California is coming under increasing pressure to bolster its climate hawk credentials by taking a supply-side approach to emission reductions, scaling back fossil activity within its borders that makes it the third-biggest oil producer of any U.S. state.
In a new report, the Stockholm Environment Institute says the state could cut carbon dioxide emissions by eight to 24 million tons per year by eliminating half of its oil and gas production, a move that would run alongside measures like auto efficiency standards and carbon cap-and-trade regulations that California has more readily championed.
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“The authors argue that attacking fossil fuel production at the wellhead is necessary if California—often called the world’s sixth-largest economy—is to help meet the goals of the Paris climate agreement,” InsideClimate News reports. Studies have found that avoiding the worst risks of climate change means keeping most of the world’s fossil fuel reserves—including a third of the oil—in the ground.”
SEI Senior Scientist and report co-author Peter Erickson acknowledged that “you could in theory do that by reducing demand for fossil fuels.” The problem is that ” it’s not happening fast enough, so that creates a need to limit the supply of fossil fuels.”
Using economic models to calculate the impact on global oil prices, consumption, and production if California scaled back its output, the researchers concluded that other jurisdictions would take up some of the slack. But “global oil use would still drop by 0.2 to 0.6 barrels for every barrel that California does not produce,” InsideClimate writes.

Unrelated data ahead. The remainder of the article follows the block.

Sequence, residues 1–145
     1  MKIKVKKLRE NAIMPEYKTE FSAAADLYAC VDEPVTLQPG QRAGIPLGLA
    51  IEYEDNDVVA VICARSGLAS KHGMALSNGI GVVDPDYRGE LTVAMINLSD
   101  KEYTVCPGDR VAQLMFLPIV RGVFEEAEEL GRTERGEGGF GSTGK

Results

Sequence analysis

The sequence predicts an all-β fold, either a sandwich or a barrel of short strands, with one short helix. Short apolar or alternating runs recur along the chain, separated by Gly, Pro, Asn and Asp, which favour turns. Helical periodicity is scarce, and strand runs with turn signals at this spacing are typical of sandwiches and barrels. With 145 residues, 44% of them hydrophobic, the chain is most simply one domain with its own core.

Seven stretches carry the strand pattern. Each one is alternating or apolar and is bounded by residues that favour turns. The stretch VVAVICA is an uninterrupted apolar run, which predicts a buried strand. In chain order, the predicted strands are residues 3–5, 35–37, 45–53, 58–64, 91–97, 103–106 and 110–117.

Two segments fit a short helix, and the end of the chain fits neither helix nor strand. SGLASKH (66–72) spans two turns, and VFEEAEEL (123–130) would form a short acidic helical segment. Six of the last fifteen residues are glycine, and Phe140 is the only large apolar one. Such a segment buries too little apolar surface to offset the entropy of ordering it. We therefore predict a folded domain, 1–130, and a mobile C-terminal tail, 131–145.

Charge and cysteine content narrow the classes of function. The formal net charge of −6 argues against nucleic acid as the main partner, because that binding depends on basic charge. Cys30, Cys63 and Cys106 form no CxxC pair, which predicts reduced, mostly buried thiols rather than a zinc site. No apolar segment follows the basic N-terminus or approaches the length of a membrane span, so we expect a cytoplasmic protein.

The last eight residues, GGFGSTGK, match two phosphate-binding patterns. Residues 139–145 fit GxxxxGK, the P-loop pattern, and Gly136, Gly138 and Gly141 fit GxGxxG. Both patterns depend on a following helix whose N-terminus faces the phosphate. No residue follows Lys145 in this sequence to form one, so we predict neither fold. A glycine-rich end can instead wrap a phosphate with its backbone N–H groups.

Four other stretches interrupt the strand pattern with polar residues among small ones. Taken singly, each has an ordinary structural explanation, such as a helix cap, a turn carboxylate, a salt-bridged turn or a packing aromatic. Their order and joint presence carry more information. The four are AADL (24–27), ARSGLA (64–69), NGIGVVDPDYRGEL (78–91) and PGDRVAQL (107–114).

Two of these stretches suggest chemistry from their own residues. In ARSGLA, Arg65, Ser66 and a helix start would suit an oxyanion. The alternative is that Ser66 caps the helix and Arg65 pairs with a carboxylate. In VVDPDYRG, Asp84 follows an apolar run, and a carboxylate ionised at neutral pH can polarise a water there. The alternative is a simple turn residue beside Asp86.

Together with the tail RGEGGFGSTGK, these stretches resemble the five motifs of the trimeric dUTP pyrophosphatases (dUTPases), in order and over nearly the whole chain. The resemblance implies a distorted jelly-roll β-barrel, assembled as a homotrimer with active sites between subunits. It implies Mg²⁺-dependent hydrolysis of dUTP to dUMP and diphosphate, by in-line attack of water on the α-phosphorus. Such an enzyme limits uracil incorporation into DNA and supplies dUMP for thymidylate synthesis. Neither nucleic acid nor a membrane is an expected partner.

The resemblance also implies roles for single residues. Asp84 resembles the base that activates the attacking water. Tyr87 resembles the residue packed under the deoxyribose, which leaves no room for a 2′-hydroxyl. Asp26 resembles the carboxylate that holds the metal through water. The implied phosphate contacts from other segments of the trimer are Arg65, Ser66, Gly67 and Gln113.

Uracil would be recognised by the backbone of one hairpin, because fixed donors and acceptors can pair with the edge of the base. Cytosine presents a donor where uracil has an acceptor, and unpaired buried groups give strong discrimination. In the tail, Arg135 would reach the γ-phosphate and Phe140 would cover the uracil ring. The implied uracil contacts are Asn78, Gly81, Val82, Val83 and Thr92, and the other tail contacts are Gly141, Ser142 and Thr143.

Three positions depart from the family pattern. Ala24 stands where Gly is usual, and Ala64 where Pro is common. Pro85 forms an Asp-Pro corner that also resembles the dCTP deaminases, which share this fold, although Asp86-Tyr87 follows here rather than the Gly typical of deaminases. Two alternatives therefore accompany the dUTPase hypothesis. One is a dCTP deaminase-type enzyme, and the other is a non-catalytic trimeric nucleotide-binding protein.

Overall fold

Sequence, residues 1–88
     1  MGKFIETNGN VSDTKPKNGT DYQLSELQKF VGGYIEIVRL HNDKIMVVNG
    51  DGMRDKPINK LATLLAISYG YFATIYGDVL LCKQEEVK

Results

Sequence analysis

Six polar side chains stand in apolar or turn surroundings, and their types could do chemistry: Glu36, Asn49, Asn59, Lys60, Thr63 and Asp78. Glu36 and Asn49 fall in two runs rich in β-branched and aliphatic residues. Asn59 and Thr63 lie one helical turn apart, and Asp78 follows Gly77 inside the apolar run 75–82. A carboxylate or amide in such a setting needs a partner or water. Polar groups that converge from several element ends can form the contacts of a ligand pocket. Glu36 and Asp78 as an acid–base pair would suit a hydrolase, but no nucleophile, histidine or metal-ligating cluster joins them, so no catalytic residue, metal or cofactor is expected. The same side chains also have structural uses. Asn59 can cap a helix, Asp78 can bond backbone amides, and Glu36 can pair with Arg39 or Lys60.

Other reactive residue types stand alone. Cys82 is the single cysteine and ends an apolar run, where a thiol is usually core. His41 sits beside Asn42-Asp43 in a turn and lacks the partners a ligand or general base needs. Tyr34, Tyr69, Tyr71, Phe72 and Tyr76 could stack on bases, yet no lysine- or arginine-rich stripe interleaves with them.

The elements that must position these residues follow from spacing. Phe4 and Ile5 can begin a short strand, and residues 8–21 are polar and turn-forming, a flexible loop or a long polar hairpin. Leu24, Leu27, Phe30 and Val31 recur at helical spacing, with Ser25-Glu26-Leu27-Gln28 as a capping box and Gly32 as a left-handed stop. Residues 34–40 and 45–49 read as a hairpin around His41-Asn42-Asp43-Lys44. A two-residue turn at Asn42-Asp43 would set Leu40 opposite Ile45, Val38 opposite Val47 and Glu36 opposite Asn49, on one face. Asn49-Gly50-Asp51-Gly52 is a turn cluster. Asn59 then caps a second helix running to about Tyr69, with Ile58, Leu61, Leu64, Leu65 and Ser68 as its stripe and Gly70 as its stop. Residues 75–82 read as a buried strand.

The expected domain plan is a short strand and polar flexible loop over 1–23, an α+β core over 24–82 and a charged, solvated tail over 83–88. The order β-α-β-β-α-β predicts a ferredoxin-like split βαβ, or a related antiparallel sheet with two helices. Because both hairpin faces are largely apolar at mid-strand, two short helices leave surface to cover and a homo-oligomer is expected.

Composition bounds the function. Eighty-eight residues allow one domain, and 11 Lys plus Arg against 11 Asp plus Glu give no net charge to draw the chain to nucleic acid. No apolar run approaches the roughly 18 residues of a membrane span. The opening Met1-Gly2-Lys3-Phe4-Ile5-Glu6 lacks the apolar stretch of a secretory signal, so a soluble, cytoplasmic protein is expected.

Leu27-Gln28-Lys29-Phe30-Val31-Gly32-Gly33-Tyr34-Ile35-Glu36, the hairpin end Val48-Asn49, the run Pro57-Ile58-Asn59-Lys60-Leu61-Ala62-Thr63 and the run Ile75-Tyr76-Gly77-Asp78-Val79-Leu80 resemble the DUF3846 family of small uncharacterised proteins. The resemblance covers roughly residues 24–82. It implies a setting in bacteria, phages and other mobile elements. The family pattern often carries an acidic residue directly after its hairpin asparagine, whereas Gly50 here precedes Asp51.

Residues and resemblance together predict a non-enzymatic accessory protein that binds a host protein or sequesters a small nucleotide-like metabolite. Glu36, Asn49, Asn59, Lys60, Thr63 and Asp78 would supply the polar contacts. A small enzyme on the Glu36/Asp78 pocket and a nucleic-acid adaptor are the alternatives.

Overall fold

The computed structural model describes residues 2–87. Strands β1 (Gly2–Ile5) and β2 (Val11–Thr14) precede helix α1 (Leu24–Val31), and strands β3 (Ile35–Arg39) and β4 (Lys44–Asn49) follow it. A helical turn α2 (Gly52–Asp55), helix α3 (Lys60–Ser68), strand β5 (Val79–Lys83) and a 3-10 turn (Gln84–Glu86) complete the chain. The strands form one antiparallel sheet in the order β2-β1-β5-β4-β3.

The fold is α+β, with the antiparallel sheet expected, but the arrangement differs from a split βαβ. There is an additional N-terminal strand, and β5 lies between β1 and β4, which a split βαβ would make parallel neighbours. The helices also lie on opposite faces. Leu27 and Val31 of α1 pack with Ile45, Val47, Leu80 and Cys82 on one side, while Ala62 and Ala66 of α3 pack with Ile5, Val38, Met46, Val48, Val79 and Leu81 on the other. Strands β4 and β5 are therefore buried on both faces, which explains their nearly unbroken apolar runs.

While the state’s oil production has already begun to decline, the report says California could eliminate another 80 million barrels per year by 2030, just by not issuing any new drilling permits.
ICN details some of the complexities and uncertainties in a plan to curtail production, but notes that the state will need new measures of some sort to hit its climate milestones. “While California is on track to meet its goal of cutting greenhouse gas emissions to 1990 levels by 2020, the state will need to adopt more stringent measures to achieve its targets beyond that date,” notes correspondent Nicholas Kusnetz. “Cuts from its transportation sector, in particular, have stalled.”
Erikson acknowledged that getting state decision-makers onboard will be a long shot. “It’s thorny,” he told Kusnetz. “There’s lots of fault lines that we’re trying to steer clear of, but there could be a moment to think about oil supply in California.”
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